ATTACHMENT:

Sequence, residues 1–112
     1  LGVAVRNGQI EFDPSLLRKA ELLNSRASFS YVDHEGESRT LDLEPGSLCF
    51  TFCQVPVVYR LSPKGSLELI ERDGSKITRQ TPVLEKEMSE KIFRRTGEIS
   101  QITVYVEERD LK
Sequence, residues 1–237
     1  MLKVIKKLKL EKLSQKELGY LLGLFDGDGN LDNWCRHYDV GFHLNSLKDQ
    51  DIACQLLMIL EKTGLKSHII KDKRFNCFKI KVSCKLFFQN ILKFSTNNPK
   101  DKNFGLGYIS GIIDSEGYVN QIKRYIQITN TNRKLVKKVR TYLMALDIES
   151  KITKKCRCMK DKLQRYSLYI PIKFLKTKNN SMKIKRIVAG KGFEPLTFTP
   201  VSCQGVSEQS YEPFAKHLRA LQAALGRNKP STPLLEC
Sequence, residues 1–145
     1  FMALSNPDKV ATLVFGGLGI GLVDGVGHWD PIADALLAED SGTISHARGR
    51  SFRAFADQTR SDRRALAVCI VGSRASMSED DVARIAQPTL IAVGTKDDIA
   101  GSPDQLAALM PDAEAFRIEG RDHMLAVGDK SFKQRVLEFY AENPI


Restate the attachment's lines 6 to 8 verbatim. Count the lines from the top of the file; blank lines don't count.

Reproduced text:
     1  MLKVIKKLKL EKLSQKELGY LLGLFDGDGN LDNWCRHYDV GFHLNSLKDQ
    51  DIACQLLMIL EKTGLKSHII KDKRFNCFKI KVSCKLFFQN ILKFSTNNPK
   101  DKNFGLGYIS GIIDSEGYVN QIKRYIQITN TNRKLVKKVR TYLMALDIES